With windows 8 i doubt you will people running out to upgrade and most will just get in when they get a new computer. Windows 7 was they only windows os where i noticed average people upgrading.

      tablets and hybrid computers with touch screens will fuel strong sales for windows 8 aswell. Though i think it may struggle on desktops due to the interface challenges to your average user however it seems many pc makers are going to include some sort of start menu replacement like Samsung showed so im just not sure how reaction will be
    • I agree also. But..

      For the most part, you're right. People won't really need to upgrade right away. Windows 7 is a totally awesome OS. However, what makes this upgrade different is the "Modern/Metro" side of things and the fact that tablets, phones, and X-Box's will be sporting it (or something very close to it). Want to use Microsoft's SmartGlass app to interface with your with X-Box and other devices? You'll need to get Windows 8. How bout all the other things that are on the way with Windows 8's "other side"?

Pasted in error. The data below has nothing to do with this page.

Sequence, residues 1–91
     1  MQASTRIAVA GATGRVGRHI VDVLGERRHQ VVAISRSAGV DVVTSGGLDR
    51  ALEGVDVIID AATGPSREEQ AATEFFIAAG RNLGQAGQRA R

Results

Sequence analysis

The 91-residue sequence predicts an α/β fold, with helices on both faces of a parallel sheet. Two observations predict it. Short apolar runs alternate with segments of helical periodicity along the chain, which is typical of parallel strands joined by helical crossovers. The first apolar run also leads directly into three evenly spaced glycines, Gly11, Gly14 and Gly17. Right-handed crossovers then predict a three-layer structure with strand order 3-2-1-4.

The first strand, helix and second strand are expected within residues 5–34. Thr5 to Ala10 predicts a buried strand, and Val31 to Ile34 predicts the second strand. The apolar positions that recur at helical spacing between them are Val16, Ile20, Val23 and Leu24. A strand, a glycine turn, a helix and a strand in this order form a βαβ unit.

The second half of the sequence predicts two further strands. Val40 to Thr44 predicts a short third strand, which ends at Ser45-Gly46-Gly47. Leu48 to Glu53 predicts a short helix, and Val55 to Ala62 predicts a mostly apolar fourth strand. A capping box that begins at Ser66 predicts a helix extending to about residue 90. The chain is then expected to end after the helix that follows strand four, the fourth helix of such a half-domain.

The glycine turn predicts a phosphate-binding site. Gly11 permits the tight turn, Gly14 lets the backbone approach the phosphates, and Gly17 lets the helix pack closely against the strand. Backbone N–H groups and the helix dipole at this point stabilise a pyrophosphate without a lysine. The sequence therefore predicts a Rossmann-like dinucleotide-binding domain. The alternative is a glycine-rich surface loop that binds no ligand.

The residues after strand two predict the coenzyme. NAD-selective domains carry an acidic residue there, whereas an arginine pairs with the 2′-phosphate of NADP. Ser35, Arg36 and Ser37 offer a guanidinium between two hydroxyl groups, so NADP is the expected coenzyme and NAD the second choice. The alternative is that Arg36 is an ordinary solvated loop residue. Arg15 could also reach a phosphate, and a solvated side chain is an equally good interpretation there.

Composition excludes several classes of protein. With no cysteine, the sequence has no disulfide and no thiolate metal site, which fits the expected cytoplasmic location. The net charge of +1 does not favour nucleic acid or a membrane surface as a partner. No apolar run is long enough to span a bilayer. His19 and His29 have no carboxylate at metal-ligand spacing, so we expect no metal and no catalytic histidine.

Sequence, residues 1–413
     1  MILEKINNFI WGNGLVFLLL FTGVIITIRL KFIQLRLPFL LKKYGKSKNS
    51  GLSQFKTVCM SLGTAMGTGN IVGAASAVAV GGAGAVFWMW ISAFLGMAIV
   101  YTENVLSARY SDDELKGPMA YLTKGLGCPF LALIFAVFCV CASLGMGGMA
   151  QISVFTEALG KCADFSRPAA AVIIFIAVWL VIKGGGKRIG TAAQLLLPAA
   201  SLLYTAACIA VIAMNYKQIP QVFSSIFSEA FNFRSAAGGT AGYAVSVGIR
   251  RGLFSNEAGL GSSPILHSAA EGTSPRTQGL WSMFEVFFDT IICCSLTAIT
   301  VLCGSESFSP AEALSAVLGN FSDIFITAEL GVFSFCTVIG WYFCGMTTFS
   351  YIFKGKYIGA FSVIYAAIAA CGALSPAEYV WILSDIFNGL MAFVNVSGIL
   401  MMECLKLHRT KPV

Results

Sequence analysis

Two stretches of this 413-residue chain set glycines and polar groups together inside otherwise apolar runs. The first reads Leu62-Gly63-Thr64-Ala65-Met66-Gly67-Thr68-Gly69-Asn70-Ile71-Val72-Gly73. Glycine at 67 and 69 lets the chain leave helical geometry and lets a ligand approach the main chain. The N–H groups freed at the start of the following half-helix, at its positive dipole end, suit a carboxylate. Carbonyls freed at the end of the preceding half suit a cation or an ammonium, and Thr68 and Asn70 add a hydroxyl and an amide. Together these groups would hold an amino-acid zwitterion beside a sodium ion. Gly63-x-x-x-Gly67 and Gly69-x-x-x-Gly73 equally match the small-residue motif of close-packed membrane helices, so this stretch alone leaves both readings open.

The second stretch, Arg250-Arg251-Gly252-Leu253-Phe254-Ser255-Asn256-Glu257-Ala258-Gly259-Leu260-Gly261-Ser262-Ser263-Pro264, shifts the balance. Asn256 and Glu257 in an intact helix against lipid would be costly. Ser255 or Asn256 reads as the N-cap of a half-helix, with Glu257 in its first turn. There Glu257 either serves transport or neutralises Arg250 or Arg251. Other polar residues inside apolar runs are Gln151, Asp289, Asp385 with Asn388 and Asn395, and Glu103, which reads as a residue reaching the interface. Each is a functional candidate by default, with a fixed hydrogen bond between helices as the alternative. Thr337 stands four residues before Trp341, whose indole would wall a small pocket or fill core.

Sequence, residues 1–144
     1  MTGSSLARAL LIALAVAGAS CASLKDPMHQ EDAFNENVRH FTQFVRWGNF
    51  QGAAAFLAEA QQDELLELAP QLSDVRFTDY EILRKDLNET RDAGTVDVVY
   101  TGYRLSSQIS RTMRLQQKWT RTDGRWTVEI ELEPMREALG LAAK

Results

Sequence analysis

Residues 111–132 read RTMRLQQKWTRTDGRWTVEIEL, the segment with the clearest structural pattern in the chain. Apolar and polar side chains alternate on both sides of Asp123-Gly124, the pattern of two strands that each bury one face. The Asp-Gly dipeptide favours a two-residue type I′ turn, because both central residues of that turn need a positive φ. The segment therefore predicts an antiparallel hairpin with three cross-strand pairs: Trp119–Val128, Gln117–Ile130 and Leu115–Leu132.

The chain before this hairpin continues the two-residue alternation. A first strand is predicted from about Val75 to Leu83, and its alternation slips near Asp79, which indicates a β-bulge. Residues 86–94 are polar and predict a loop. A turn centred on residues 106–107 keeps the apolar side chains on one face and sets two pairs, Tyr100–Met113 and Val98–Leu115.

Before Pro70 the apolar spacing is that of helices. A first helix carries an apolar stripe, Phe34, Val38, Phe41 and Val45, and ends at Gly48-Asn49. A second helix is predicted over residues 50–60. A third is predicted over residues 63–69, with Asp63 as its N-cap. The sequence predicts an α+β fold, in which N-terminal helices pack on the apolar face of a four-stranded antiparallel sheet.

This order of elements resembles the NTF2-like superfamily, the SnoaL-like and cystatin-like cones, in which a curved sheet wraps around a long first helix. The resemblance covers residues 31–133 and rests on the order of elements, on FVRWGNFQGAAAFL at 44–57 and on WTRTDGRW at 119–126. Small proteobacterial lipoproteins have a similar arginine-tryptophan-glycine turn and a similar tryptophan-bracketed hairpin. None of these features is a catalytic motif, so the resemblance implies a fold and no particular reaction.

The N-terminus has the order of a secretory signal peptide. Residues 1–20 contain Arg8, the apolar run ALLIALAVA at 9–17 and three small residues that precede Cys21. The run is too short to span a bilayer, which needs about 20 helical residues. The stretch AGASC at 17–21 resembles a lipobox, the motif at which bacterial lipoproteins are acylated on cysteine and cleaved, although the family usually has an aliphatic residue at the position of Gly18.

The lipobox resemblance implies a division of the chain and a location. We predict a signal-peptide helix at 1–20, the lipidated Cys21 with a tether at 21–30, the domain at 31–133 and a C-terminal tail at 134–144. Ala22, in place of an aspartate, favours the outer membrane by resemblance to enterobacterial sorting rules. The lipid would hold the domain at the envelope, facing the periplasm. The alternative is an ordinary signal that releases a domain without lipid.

Also, even if your current PC runs better on Window 8 than it did with XP or 7, you will be tempted to upgrade soon because of touch. Starting this Oct, it's going to start to become harder to get a PC or laptop without a multi-touch screen. When you see how cool it is, you'll want it trust me. I can not wait to have touch on my 3 monitor system. I've always wanted the option to drag/manipulate stuff around with my hands instead of reaching for the mouse and scooting it along a table top. It will feel so much more natural with touch.
      • It's not a case of "need", it's a case of "want".

        Microsoft Needs users to Want the new version. It's the Want that sells Apple's OSes as quickly as they do. Microsoft is trying to get Windows users to Want Win8--but we can see where too many users are so afraid of this new change that they're going to resist it as hard as they can.
      • For some, touch screens are an absolute turn-off

        I agree with BP314. Touch-screens on notebooks or desktops, however, are a definite NO for me. I'm certainly not going to pay extra for the "privilege" of using them. The difference would be better spent for non-frivolous hardware improvements. I don't want greasy fingerprints all over my monitors.